For more information please visit the following link:

https://en.wikipedia.org/wiki/Thai_folklore

Thai folklore:

Miscellaneous folk beliefs

Superstitions of the Thai people include:

  • Auspicious dates. Identification of auspicious dates and moments is common in Thai culture. This is especially important when setting a wedding date, as well as when building a house or purchasing a car.[1]
  • Lucky numbers. Divination techniques are often used to predict numbers before buying a lottery ticket.”

Thai folklore:

  • Cutting one’s hair or fingernails. Wednesday is regarded as a highly inauspicious day for having a haircut.
  • Shapes on the moon. In Thai folk belief the dark spots on the moon, the lunar maria, form either a rabbit shape or the shape of a man and a woman pounding rice.”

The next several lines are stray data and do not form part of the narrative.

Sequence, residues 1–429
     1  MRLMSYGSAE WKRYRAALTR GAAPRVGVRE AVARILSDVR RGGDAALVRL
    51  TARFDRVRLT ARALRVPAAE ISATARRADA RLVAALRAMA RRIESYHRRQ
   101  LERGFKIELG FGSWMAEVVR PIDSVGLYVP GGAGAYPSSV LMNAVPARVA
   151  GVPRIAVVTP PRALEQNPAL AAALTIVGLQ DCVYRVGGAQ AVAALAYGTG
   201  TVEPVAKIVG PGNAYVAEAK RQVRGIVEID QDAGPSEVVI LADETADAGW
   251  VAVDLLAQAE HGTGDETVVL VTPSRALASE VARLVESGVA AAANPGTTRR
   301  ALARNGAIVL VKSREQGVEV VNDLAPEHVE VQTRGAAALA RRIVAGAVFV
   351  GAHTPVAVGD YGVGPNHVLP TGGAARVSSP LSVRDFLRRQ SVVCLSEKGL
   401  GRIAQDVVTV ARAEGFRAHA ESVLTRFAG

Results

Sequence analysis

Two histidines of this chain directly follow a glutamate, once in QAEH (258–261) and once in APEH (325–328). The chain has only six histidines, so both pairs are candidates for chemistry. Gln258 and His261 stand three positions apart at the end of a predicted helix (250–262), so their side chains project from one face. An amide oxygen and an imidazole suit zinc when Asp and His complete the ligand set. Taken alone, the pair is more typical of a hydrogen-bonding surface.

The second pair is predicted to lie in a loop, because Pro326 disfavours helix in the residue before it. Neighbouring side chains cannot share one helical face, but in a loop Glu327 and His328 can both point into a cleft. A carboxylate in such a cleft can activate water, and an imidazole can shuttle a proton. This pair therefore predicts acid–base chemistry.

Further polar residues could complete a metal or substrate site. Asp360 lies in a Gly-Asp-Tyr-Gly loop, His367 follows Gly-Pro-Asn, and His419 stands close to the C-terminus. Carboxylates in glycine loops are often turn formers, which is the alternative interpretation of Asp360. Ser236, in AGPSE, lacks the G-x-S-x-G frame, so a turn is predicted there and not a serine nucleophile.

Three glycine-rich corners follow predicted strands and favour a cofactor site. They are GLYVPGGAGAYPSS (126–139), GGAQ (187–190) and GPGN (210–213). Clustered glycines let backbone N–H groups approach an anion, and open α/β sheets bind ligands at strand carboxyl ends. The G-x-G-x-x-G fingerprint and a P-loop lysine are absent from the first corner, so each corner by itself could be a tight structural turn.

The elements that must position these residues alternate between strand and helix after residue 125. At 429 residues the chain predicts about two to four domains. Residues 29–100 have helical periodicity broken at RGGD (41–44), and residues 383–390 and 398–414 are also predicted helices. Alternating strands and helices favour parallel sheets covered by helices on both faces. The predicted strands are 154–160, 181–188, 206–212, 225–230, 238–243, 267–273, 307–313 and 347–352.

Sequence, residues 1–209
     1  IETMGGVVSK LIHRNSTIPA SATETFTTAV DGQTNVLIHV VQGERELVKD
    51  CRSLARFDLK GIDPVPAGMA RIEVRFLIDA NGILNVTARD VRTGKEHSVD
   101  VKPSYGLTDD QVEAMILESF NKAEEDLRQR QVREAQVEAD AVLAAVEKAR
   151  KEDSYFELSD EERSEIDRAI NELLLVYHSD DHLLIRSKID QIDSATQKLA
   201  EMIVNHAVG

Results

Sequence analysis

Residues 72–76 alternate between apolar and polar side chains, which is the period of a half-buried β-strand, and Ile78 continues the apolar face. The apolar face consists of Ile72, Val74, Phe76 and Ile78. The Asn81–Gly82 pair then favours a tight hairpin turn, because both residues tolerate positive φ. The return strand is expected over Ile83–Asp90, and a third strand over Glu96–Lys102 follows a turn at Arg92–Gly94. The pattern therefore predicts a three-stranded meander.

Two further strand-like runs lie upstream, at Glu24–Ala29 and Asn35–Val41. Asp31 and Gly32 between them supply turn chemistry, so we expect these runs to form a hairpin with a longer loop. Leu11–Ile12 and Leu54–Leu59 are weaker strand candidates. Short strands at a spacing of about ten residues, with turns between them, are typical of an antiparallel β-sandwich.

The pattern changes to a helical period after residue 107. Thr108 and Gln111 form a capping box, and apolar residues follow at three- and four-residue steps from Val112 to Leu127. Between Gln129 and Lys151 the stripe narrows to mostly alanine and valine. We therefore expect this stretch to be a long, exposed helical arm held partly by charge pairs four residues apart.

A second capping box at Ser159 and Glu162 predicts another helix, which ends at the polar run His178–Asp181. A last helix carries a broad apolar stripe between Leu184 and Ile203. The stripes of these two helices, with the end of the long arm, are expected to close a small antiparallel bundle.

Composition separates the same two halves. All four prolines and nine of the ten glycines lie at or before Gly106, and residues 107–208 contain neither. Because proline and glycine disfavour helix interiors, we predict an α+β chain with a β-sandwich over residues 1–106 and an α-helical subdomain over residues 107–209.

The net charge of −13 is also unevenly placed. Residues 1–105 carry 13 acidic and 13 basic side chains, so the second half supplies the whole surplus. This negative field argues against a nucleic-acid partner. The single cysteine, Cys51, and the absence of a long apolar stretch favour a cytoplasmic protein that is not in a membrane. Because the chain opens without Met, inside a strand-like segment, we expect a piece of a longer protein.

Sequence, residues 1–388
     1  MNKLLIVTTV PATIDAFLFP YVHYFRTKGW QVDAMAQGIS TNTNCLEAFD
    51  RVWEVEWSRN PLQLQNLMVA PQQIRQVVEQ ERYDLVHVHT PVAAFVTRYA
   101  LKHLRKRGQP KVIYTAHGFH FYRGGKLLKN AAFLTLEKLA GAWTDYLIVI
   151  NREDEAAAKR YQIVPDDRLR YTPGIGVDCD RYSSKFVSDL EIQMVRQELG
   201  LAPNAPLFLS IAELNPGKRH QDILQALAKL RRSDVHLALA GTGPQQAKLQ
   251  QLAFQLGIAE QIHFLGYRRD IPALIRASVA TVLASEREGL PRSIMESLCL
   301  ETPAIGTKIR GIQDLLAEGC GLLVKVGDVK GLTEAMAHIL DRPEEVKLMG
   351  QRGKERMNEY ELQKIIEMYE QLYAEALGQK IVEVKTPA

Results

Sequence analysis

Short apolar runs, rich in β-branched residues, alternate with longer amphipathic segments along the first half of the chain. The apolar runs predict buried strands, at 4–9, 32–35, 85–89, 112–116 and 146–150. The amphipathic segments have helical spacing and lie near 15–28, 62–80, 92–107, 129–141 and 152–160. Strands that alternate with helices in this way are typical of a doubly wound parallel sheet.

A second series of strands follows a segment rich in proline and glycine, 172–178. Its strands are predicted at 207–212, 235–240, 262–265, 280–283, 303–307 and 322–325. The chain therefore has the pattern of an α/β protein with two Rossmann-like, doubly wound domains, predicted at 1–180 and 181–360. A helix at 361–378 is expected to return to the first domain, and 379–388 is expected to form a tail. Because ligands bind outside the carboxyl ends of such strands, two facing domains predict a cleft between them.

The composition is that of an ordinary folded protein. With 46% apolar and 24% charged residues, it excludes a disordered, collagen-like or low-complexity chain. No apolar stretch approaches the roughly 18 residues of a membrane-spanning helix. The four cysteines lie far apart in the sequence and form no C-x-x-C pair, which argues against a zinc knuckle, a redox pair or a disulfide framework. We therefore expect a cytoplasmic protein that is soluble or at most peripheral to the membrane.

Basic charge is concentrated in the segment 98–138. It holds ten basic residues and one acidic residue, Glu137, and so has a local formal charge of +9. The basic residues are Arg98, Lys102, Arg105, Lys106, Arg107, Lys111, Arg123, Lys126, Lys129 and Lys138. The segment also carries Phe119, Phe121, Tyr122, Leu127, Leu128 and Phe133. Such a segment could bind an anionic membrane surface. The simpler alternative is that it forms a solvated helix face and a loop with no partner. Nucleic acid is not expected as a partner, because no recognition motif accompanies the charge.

Thai folklore:

  • Little fish hanging. A poor person who cannot afford to buy fish may hang a little fish, or a picture of a fish, from the ceiling of his home while eating rice.
  • Gecko. The chirping sounds of different species of geckos native to Thailand have different interpretations according to the moment and occasion. Also, if a gecko happens to fall on or near someone in a home or veranda, it has a meaning which is auspicious or inauspicious depending on the side on which it falls.”

Thai folklore: